Live Oak — In anticipation of our local rivers approaching flood stages, the Florida Department of Health in Suwannee County encourages residents located in potentially affected areas to be prepared for any flooding that may occur and be aware of the following:
Moving Flood Water
During flooding, the greatest threat comes from moving water. The deeper the moving water, the greater the threat. People should avoid driving in moving water, regardless of the size of the vehicle.
Pooling Flood Water
Flood waters can rise and pool on streets and throughout neighborhoods. In these situations, be aware of the following:
Road surfaces become disguised and drivers can unknowingly steer into a deep body of water, such as a canal or pond.
Electricity from streetlights and power poles may be present in standing water, causing a deadly shock to anyone coming in contact with it.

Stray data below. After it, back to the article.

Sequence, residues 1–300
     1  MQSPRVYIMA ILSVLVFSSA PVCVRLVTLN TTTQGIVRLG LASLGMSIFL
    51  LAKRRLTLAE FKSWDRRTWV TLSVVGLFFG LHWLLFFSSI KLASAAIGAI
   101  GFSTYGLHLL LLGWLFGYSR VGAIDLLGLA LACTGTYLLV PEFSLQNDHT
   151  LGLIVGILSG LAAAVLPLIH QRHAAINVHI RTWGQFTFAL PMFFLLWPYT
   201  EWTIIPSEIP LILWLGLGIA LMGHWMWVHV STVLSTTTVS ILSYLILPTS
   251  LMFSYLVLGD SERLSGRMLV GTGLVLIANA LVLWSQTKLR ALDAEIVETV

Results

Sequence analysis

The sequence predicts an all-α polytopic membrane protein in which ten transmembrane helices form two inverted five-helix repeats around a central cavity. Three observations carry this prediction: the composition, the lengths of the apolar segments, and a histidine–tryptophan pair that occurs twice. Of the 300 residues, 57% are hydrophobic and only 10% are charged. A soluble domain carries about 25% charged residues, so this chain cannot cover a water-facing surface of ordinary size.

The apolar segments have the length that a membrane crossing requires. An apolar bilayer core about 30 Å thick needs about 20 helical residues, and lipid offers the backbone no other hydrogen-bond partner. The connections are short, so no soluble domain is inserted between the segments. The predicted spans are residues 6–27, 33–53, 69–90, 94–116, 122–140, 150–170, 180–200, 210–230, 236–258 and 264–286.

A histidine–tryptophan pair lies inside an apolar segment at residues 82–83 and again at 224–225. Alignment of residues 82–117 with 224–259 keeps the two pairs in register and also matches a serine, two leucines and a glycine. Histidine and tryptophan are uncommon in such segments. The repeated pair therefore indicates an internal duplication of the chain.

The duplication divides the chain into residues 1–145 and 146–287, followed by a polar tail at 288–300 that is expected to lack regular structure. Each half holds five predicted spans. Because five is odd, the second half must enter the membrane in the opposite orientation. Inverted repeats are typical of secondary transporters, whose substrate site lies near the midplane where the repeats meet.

Children playing in contaminated standing water can become sick or be bitten by snakes or floating insects.
People coming into contact with floodwaters should thoroughly wash and rinse any exposed body parts with soap and disinfected water.
Contaminated Water Supply
Residents in flood-affected areas should take precautions to avoid consuming contaminated water. If your well is in a flooded area, your water may contain disease-causing bacteria and may not be safe to drink.
DOH recommends one of the following:
Boil water for at least 1 minute before using it for drinking, cooking, making ice, brushing teeth, or washing dishes.
Disinfect water by adding 8 drops (about 1/8 tsp – this would form a puddle about the size of a dime) of unscented household bleach per gallon of water, and then let it stand for 30 minutes. If the water is cloudy after 30 minutes, repeat the procedure. Use a container that has a cap or cover for disinfecting and storing water to be used for drinking. This will prevent contamination.
Use only bottled water, especially for mixing baby formula.